KIEV Ukrainian Prime Minister Mykola Azarov ordered a dozen local reporters to be barred from covering government meetings after they staged a silent protest on Wednesday over physical attacks on journalists at a rally.
"What kind of show is this?" Azarov said when reporters who were attending a cabinet meeting stepped in front of television cameras, turning their backs on Azarov and his colleagues.
Signs pinned to their backs read: "Today it's a female journalist (beaten up), tomorrow - your wife, sister, daughter. Do something!"
The reporters were members of a journalists' pool that is allowed to attend weekly meetings at government headquarters. Azarov said they should be kicked out of it.
"Write down their names and revoke their accreditation," he said to his aides. "We respect journalists' work but please do not turn government meetings into a circus."
The reporters were protesting over attacks on two local journalists that took place when supporters and opponents of President Viktor Yanukovich clashed briefly during rallies in Kiev on Saturday.
The journalists attacked say they were beaten by Yanukovich's supporters. Police are investigating the allegations but opposition politicians have questioned their willingness to do it thoroughly.
Protests by reporters have become frequent under Yanukovich, who came to power in 2010 and quickly consolidated power by installing his allies in key positions and reverting constitutional changes that had strengthened parliament.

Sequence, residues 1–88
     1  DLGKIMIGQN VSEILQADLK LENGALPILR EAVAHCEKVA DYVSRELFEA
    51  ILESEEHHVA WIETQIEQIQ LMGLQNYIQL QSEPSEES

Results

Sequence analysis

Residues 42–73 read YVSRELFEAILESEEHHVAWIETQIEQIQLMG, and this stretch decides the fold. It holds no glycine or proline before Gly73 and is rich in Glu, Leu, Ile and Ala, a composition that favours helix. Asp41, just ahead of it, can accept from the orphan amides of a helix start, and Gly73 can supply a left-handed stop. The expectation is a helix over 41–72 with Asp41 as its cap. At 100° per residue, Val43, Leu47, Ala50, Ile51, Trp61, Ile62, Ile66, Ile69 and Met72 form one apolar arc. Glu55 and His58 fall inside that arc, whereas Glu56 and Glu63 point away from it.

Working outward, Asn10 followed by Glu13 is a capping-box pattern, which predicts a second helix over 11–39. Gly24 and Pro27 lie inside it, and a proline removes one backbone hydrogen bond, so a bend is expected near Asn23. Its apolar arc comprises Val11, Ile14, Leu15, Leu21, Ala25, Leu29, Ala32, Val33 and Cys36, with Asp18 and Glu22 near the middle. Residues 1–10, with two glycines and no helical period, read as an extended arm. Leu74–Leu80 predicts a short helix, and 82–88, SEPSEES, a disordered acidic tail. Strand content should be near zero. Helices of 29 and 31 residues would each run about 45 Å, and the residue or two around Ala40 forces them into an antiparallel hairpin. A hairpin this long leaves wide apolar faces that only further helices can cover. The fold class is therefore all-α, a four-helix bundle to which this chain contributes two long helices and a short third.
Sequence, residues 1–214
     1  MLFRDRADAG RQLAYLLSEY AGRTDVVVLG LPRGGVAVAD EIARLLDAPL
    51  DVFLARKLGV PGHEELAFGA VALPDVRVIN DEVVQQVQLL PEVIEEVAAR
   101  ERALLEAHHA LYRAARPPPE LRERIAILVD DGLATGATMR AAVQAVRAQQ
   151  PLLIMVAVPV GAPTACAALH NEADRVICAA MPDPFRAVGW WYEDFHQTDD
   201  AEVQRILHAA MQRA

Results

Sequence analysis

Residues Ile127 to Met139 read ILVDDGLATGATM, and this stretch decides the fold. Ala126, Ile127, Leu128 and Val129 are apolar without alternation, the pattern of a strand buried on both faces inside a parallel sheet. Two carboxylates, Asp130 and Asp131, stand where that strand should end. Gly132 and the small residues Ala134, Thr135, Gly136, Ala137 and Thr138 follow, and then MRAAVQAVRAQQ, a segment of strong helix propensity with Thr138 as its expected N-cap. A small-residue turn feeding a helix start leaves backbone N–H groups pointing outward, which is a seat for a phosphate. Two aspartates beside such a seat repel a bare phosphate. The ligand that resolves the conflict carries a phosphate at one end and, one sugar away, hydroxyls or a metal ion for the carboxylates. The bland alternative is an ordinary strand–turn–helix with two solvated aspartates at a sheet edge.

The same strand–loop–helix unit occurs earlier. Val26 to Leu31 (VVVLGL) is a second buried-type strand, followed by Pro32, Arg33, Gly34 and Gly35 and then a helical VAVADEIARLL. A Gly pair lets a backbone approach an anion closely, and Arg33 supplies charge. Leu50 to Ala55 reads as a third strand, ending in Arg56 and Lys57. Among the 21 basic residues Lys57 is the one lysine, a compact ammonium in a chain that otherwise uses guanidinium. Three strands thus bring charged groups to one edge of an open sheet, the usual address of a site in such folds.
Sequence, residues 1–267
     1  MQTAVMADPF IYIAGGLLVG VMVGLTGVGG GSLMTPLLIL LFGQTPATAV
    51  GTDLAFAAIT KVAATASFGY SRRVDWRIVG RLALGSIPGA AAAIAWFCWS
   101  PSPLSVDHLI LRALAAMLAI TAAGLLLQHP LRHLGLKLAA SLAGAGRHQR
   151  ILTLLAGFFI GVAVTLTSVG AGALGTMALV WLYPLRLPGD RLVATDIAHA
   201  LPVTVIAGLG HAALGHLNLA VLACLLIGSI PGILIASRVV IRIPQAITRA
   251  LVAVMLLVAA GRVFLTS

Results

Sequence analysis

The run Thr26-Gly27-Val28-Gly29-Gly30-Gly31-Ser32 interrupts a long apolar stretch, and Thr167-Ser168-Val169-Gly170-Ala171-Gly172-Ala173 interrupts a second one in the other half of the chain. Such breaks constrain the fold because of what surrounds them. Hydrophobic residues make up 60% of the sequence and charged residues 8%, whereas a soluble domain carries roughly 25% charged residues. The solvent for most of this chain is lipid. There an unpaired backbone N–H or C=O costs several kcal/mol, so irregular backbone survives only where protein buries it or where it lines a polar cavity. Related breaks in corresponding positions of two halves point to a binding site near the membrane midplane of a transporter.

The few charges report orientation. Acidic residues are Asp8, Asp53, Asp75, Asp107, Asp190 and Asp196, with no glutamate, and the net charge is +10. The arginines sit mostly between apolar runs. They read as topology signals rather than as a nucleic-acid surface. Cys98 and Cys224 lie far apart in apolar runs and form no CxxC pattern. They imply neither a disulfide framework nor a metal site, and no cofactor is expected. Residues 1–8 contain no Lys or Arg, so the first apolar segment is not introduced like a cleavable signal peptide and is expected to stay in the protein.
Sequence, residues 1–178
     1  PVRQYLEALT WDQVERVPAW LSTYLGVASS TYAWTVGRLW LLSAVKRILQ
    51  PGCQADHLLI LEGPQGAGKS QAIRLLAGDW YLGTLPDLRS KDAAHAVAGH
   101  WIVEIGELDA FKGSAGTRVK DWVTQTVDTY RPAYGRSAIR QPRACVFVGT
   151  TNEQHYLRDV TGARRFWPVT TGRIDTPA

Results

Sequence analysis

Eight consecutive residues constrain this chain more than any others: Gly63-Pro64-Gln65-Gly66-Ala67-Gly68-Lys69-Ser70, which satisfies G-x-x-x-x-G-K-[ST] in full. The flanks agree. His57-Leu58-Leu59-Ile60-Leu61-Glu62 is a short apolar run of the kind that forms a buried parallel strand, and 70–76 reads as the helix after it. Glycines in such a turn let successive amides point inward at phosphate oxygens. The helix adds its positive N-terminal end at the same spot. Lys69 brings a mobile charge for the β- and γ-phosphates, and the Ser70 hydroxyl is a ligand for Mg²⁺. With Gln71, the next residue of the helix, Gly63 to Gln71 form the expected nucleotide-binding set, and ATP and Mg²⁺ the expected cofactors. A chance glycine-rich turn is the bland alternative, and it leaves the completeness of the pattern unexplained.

Last March several reporters wore paper masks of Yanukovich when they attended his news conference. And last year a dozen journalists stood up and raised anti-censorship banners when Yanukovich hailed Ukraine's march to media freedom at the World Newspaper Congress in Kiev.
Some journalists say the government is cracking down on media freedom and the media, most of them controlled by influential businessmen, are censoring themselves so that their owners maintain good standing with the authorities.
Azarov's spokesman Vitaly Lukyanenko said the government's press department would review Wednesday's incident and decide whether to strip the reporters of accreditation.
"How is the prime minister to blame (for the beating of reporters)? Why was he subjected to this slap in the face?" he said.
(Reporting by Sergei Karazy; Writing by Olzhas Auyezov; Editing by Richard Balmforth and Alison Williams)